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QRadar: Tenant Data with Event Retention or Flow Retention (FAQ)

Question & Answer


This technical note explains how event/flow retention data is handled when tenants are assigned in QRadar. This technical note is written in an FAQ-style and answers common questions from users who leverage tenants in their QRadar environment.



Basic information & best practices

When data is added to tenant buckets, these are separate buckets in the QRadar architecture, meaning that data in one tenant bucket is completely separate from another tenant's bucket. Each tenant has a unique set of ten retention buckets that allows data to be written to disk in /store/ariel. There is no limit on the number of tenants that can be created under a domain in QRadar and each named tenant gets a set of ten event and ten flow retention buckets. This is the same with our file structure, as there is a separate folder for each tenant retention buckets to ensure the data it kept separate. More details on file structure are provided below.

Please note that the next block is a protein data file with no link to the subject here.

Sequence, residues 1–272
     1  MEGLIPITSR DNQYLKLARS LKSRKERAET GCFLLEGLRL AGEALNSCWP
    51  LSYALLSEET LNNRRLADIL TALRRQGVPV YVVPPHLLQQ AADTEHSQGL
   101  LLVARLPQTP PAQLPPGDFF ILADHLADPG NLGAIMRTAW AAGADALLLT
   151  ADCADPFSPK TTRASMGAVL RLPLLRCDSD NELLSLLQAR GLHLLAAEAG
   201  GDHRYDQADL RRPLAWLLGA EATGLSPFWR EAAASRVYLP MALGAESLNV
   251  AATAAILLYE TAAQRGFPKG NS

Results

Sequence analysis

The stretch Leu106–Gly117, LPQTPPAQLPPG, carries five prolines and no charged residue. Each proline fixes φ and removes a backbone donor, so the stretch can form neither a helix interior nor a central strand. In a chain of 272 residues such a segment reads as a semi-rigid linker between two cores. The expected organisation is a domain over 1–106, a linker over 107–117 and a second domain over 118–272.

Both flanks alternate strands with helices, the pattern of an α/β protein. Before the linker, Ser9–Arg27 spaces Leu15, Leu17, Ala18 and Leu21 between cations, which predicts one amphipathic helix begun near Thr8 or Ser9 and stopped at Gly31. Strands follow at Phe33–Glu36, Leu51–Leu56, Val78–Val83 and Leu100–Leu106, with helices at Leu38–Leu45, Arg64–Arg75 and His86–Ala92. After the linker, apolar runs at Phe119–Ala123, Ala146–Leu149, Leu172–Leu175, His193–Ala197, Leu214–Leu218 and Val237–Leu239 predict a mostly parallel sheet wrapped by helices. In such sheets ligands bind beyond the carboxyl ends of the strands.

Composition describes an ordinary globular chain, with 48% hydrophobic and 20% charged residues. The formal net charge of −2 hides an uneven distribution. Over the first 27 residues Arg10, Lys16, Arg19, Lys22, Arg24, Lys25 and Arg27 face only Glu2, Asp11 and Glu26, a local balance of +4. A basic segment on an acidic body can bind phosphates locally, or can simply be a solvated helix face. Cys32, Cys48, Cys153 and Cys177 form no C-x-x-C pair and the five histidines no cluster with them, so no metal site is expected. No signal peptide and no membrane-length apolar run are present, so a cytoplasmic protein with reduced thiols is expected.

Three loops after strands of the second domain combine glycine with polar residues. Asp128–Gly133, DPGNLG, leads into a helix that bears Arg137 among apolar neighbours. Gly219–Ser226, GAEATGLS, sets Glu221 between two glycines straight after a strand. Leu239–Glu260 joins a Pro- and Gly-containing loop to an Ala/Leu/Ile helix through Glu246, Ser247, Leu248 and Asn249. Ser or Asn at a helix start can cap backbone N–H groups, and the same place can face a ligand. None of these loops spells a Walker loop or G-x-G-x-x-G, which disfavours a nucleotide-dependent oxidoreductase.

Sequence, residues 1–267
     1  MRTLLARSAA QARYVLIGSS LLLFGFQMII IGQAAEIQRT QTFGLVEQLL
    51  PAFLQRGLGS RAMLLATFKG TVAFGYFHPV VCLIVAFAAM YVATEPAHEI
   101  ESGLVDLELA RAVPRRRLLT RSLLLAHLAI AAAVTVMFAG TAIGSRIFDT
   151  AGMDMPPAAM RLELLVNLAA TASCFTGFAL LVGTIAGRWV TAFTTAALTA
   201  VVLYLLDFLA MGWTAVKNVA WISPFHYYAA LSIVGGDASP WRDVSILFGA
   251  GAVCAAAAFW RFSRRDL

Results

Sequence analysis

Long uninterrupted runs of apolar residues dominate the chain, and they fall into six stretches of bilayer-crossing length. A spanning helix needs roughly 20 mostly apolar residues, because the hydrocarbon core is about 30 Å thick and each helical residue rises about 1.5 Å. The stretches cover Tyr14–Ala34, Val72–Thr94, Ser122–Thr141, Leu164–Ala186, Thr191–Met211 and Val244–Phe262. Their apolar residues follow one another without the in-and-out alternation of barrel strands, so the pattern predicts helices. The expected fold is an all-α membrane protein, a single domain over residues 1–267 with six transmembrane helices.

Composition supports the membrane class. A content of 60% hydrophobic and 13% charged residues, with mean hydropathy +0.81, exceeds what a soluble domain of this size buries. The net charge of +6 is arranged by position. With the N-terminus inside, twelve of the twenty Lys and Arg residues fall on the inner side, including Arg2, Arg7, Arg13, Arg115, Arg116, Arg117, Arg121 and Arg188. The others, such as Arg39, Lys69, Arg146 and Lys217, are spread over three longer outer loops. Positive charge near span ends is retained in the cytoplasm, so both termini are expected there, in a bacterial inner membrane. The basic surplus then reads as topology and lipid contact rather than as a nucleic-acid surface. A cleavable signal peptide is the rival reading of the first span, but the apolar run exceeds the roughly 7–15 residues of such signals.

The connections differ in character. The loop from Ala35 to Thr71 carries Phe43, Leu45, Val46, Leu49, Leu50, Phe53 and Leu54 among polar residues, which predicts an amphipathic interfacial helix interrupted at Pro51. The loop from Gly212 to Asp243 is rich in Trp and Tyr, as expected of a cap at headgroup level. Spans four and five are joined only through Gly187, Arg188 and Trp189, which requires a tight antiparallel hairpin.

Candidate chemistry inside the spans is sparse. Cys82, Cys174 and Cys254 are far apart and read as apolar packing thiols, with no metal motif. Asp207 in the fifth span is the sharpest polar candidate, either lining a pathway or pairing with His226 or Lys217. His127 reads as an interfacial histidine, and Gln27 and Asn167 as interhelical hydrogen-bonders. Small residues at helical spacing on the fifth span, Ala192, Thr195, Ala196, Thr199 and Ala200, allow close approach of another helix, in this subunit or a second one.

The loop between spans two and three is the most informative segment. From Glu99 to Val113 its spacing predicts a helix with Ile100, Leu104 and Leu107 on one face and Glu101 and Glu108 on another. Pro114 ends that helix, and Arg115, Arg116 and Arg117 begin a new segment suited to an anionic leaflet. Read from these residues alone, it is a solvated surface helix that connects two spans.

When it comes to best practices, we always recommend that retention buckets be created by shortest lived data to longest lived data in the user interface. As the system always triggers on data that expires first, so it is best to organize your bucket structure in the same way. This allows administrators to provide structure around retention and makes it easier to organize data.

Example A:
Bucket 1 (Longest retained data)
Bucket 10 (Shortest retained data)
Default (any data not categorized to a bucket)

Example B:
Bucket 1 (Most important data)
Bucket 10 (Least important data)
Default (any data not categorized to a bucket)

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Figure 1: User interface example of the Retention Bucket structure.

Question 1: Which retention policy will be followed?

If I setup a policy in Tenant A that says that all data must be stored for 1 month, but also setup a policy on global where I say using the filter, if domain is A store all data for 1 week.

Answer: Regardless of order in the user interface, we will always look at the data set to expire first and then the setting "immediately" or "when space is required". To determine which would fire first would depend on how you set the retention bucket. If it was immediately, the data in Domain A would expire first, then also be purged first. So, the system would keep Domain A data that is less than 7 days old, then delete anything older at the top of the hour. I'll cover how data is deleted later on.